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Centre for Geopolitics

Providing historically-grounded approaches to enduring geopolitical problems.

By Professor Brendan Simms

If the past two years, which were largely dominated by the Coronavirus pandemic, can be described as extremely eventful, the twelve months ahead are likely to be no less so. The apparently imminent crisis of the Ukraine, which our Baltic geopolitics Fellow Donatas Kupciunas has written about at greater length in this newsletter, will give an indication of the Soviet Union used to call the correlation of forces in that area. Likewise, the direction of travel in the People’s Republic of China (PRC) has been addressed by Bill Hurst, our Deputy Director and senior East Asia expert.

There are, however, three other highly consequential confrontations that may come to a head this year. The first is the Iran nuclear issue. Here the pessimists argue that Iran is determined to achieve a deliverable nuclear weapons capability; the optimists argue that if only they can be brought back into the defunct JCPOA deal a better relationship will be possible. It is likely that this question cannot be finessed for much longer given that the six months long talks in Vienna are drawing to a close very soon. There is no formal deadline, but the general view is that the next two weeks will be critical. But even if there is an agreement the Israeli Prime Minister, Naftali Bennett, has already said that his country will not be bound by it. The prospect of a pre-emptive strike on Iran’s nuclear facilities this year thus remains a distinct possibility.

The Centre for Geopolitics naturally hopes that the optimists are right because a grand bargain between Washington and Teheran and a rapprochement between Saudi Arabia and Iran are preconditions for the establishment of a comprehensive settlement along the lines explored in our Westphalia for the Middle East Project. We are planning some initiatives this year that may help the two sides to read each other’s intentions better.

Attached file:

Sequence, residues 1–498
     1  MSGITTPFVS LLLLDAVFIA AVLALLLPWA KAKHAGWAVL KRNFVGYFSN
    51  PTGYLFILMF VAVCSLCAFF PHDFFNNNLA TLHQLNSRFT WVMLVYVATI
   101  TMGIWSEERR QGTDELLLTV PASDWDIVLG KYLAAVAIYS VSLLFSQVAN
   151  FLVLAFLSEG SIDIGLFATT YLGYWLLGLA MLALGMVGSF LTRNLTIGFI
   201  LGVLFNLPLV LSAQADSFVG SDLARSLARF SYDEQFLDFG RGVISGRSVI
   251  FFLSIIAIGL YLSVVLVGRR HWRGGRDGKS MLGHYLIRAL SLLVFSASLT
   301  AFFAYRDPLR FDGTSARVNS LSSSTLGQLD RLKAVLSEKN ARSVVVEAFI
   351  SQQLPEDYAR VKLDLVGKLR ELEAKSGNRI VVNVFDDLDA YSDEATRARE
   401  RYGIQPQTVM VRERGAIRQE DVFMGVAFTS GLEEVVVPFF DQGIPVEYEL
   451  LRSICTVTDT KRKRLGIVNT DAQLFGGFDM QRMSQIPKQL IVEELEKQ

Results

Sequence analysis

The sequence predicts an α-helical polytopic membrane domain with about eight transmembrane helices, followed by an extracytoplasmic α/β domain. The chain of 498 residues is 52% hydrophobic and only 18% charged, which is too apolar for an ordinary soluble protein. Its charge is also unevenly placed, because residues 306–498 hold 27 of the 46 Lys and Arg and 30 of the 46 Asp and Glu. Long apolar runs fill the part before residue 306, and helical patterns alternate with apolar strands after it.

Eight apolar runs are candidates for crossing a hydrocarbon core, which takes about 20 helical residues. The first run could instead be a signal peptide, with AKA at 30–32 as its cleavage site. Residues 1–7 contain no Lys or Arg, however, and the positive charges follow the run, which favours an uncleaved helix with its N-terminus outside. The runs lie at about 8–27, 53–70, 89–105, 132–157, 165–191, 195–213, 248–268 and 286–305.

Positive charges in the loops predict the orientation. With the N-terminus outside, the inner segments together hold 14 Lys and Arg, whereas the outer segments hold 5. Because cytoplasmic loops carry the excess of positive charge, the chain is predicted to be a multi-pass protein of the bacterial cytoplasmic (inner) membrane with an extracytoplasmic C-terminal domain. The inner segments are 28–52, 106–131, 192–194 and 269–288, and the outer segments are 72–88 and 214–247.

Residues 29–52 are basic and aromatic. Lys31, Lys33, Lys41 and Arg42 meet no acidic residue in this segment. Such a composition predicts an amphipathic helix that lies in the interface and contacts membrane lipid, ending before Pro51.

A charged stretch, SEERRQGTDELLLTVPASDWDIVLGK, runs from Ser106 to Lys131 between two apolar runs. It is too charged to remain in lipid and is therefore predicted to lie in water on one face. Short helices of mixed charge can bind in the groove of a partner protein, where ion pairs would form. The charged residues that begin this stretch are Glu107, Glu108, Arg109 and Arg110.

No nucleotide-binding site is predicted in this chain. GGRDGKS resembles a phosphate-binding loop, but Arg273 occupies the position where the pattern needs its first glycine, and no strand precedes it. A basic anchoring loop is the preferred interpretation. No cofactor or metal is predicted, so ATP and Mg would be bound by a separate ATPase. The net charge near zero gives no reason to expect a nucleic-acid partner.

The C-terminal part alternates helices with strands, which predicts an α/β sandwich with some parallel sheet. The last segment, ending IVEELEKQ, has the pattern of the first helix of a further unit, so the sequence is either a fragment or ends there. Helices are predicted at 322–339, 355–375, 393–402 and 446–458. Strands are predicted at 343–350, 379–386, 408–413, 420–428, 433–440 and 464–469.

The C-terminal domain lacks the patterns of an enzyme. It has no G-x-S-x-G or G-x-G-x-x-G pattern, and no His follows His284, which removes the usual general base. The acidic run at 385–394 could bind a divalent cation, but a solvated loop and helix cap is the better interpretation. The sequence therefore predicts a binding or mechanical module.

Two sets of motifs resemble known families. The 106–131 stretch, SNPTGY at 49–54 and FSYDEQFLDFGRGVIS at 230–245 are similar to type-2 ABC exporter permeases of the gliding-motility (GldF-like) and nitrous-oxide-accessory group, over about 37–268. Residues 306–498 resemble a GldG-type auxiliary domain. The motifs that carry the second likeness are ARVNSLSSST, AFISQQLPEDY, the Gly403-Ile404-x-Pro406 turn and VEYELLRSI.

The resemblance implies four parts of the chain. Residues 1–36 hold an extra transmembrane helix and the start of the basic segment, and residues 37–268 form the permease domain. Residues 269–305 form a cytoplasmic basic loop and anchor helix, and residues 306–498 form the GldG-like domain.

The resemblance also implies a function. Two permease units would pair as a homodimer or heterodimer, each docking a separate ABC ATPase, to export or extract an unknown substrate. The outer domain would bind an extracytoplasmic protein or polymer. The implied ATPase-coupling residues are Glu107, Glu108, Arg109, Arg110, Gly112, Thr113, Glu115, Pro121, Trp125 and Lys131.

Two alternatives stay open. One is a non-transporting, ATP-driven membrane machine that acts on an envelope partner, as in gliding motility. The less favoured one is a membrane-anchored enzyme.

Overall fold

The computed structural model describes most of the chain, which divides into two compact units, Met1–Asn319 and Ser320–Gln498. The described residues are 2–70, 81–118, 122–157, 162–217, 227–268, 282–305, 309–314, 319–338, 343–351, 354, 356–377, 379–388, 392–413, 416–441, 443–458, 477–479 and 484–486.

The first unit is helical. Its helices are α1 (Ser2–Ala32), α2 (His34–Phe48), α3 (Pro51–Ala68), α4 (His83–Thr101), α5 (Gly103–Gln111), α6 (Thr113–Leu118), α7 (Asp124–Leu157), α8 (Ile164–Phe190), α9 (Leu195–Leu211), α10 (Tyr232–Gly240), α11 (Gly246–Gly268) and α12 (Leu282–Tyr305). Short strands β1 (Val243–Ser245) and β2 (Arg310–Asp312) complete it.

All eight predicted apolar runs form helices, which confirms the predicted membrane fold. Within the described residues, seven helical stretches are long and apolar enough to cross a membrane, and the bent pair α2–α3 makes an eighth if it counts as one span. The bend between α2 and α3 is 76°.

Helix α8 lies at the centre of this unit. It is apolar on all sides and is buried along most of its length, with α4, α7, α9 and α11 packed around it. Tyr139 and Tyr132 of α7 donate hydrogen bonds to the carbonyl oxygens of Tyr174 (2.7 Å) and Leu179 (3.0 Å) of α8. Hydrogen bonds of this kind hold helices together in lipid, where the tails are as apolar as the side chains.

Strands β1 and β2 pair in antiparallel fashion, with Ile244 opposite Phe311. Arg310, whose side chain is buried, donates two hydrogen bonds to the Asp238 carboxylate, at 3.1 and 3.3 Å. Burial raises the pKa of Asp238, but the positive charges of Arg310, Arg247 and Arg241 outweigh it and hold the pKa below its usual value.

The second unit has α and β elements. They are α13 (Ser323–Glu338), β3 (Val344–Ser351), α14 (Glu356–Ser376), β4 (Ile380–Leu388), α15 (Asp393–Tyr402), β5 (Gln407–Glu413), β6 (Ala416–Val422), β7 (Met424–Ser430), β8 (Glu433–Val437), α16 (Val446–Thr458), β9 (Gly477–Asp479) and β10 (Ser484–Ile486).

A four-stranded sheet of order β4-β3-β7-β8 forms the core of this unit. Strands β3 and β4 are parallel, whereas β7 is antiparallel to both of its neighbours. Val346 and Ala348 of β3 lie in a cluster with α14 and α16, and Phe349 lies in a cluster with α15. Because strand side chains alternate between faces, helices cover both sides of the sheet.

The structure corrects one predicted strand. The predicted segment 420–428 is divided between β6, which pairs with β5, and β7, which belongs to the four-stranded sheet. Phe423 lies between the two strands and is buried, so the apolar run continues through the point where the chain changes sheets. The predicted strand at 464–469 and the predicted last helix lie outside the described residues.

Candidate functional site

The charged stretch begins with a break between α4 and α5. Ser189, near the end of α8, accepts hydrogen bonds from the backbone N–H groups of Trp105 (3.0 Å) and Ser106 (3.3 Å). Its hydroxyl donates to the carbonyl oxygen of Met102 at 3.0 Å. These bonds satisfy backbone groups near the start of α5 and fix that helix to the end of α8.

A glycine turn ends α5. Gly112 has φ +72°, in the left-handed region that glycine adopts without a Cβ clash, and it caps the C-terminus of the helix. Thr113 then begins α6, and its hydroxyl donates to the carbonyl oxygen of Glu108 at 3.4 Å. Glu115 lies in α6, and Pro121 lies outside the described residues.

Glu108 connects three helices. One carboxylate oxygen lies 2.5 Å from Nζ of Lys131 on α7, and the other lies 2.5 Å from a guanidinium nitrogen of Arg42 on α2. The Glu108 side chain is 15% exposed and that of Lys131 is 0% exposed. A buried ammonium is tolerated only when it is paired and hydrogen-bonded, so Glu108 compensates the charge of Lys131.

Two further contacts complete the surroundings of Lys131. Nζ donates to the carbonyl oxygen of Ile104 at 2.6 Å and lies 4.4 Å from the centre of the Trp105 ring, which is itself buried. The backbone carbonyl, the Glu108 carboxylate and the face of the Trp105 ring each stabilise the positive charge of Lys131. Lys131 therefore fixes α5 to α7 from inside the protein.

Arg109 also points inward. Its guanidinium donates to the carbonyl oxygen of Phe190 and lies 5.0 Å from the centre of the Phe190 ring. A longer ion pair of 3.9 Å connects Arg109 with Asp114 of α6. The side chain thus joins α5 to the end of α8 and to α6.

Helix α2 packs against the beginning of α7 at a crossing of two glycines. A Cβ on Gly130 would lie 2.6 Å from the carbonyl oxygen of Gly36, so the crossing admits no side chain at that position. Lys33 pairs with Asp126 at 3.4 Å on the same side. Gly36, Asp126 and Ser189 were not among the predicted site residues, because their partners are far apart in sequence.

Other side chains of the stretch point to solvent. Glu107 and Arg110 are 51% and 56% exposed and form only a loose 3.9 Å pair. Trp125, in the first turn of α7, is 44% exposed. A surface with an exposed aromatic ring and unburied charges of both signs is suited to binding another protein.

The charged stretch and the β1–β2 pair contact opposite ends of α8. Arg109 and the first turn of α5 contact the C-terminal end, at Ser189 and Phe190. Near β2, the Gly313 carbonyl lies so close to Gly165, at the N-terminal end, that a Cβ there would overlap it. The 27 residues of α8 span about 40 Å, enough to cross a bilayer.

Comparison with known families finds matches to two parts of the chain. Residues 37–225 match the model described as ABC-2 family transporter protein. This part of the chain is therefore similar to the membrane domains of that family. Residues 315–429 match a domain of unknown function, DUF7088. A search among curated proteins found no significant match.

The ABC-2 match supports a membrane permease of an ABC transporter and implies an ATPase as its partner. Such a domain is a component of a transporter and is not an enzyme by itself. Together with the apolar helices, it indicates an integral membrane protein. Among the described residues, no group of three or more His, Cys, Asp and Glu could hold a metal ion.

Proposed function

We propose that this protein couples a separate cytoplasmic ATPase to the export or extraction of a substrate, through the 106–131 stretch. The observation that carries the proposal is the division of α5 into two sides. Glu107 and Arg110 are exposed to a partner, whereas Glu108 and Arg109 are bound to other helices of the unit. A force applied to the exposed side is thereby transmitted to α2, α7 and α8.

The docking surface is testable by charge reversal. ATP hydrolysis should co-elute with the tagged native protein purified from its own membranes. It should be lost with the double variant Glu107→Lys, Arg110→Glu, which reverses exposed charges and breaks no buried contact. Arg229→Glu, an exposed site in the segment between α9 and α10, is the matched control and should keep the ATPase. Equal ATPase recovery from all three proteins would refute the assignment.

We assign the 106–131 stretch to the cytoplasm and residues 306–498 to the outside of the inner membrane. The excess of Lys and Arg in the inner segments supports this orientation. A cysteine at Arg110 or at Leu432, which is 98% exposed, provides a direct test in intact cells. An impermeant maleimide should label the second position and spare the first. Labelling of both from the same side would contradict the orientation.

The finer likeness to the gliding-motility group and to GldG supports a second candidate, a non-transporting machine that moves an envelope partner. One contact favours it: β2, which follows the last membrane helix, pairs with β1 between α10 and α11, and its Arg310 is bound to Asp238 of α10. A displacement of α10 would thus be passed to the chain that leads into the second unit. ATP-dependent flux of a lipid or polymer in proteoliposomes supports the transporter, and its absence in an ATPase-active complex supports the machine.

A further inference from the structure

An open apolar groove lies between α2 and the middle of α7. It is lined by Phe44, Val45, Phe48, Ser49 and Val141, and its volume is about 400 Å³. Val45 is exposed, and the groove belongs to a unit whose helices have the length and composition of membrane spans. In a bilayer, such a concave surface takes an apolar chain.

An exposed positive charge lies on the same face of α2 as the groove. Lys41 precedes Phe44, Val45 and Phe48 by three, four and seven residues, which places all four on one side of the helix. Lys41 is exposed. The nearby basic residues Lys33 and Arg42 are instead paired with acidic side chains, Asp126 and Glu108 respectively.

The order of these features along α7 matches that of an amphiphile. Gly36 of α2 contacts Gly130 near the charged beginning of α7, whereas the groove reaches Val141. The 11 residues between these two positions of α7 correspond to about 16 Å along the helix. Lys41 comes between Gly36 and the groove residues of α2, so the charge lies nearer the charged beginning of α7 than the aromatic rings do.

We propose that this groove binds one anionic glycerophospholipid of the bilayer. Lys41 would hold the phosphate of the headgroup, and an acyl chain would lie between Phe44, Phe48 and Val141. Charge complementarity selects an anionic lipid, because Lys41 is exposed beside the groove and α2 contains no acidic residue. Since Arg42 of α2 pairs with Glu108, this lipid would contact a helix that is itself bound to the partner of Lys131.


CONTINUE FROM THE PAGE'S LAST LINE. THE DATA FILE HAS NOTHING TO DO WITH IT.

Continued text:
The second issue is the post-Brexit ordering struggle between the United Kingdom and the European Union. The various departure ‘deals’ left important questions unaddressed, both the wider one of how the management of the continent should be shared and the more narrow one of where the border should run in Northern Ireland or whether there should be any border at all. These issues have been extensively ventilated by Barry Colfer and Eugenio Biagini in the Future of the Island of Ireland series.

Here the wild card is the Northern Ireland Assembly elections in early May. These could upend the Northern Ireland ‘Protocol’ negotiated between the UK and the EU, which effectively leaves the province within the EU Single Market and the Customs Union. This is because the Protocol permits an Assembly vote within four years to exit the arrangement. So far polls do not suggest a Unionist majority, but if one were to be achieved then the Protocol could well come to an end twelve to eighteen months later, with all the attendant implications.

Around about the same time, the fragile peace in Bosnia-Herzegovina may come under renewed threat. This is because the parliament of the Serbian ‘entity’ established by the Dayton Accords which brought the war to an end in 1995 decided just before Christmas to withdraw from major common institutions such as the army, security services, taxation system, and judiciary and set up what would be a separate state. This move is clearly a violation of Dayton, what the High Representative there, Christian Schmitt, calls ‘tantamount to secession without proclaiming it’. Milorad Dodik, the Bosnian Serb member of the country’s presidency, has been given six months by his parliament to implement their decision, which would make May-June 2022 the crunch point.

It goes without saying that the Centre has its eye on these and other potential crises and will try to provide historical background and present-day expertise the better to understand them.